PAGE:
Me and my Mentor!

EGU is a lot of people and a lot of contents squeezed into one week! Now it can be quite unsettling for newcomers, but here’s some points to demystify the beast.

Despite the ants-like flow in the hallways, EGU recovers human dimensions during each oral session, with an average attendance of about 40 people for what I could experience. It’s something to have in mind when getting nervous about your own scheduled presentation if there’s any.

Half of people is like you, meaning young scientists, eager to share and help each other. And fortunately, the other half is just the same, with more experience and possibly less hair that’s all. Communicating is very easy at EGU, with all kind of researchers (age-wise, country-wise, topic-wise). That’s probably the main purpose of it and the main reason you should come.

There’s also a bunch of events and special groups intended for facilitating new scientists’ integration: Sunday evening Ice-breaker, Early Career Scientists lounge, short courses and workshops and social evening events, etc. In particular, when registering for the EGU General Assembly, you’ll be asked if you want to be part of a Mentoring program. Say yes and you’ll be put in touch with a more experienced participant that’ll give you further advice and with whom you can meet easily throughout the week. I experienced this mentoring to be a good way to get comfortable in the unfamiliar terrain of such a big conference!

Now, how to make the most of this week you may wonder. Well there is no right answer to that I suppose, but here’s some input.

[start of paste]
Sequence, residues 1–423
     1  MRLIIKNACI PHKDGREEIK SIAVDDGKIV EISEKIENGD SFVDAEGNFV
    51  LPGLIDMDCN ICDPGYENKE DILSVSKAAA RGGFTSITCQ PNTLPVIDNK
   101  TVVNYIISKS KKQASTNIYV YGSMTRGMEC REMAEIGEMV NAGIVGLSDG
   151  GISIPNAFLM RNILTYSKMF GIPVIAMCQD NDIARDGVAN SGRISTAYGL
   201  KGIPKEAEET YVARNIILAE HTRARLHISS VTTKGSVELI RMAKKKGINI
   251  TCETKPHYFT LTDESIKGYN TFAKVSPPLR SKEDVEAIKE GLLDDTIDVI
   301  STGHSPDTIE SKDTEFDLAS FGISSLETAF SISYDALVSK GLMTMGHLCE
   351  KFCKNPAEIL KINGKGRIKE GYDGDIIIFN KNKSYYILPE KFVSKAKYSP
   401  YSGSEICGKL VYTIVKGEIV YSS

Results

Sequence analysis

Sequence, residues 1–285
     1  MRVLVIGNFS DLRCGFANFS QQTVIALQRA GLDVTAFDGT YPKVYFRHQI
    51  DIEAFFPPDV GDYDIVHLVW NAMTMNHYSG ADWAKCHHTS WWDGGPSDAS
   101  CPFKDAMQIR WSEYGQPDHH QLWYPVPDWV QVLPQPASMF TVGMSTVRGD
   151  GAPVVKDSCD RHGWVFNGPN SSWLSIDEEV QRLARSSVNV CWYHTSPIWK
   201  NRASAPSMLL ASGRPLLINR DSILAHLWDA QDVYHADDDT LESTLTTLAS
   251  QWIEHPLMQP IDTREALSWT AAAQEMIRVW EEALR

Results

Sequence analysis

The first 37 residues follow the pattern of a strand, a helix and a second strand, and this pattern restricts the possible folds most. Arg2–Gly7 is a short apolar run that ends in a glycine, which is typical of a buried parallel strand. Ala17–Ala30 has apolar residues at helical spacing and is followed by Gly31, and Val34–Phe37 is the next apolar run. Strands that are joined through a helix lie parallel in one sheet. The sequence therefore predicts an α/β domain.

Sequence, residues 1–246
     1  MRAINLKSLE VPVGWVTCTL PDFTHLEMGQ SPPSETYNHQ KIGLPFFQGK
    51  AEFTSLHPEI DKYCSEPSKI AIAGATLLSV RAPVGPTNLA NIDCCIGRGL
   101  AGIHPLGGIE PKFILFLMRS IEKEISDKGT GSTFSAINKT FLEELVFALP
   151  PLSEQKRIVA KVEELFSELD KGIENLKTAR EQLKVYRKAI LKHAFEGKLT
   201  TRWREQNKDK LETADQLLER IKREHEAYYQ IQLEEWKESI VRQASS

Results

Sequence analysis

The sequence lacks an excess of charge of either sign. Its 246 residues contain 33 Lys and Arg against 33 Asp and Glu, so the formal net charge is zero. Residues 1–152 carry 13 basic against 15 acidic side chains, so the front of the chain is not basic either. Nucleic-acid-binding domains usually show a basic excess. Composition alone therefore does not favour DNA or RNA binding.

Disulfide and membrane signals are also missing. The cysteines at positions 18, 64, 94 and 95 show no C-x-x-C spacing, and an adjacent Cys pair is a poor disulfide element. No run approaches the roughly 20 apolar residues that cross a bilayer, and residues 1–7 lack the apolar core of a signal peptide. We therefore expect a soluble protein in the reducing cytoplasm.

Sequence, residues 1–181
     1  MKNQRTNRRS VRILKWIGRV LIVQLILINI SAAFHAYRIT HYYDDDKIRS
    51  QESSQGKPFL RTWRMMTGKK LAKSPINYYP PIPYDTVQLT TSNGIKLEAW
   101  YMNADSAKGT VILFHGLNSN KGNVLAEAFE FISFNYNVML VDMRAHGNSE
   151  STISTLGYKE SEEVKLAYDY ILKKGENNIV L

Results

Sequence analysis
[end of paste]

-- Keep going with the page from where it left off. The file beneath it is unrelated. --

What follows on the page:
Red poster hall – the heart of hydrology during the EGU week.

Quoting approximately the EGU’s president introduction speech, go beyond your own field of research. It would be a shame to spend a whole week focusing on what you’re working the rest of the year anyway, when so much is at hand. As for myself (doing a PhD on computational methods in hydrogeology), I attended sessions about surface water quality, erosion processes, ecology, geothermal resources, or science-politics linkage (this last inspired me some thought that I’ll may be able to share with you later). At some point lost in the program and venue, I even stumble about a speech about hyper arid environments, where I heard that some place in Chile receive less than 1 mm of precipitation a year… things you learn when you get lost!

And to conclude, you might feel obligated to spend 10 hours a day in the Vienna International Center, with regard to the plethoric program. Well I do think that it should be judged by your own ability to concentrate and digest information in a little amount of time. As far as I’m concerned, I chose not to fully book every day with session, sparing some time to rest, wander and visit! Mind that Vienna is a key European historical and cultural center: the apogee of classical and romantic music genres, one of the birthplaces of modernism in painting and architecture, a land of authors and philosophers to be discovered.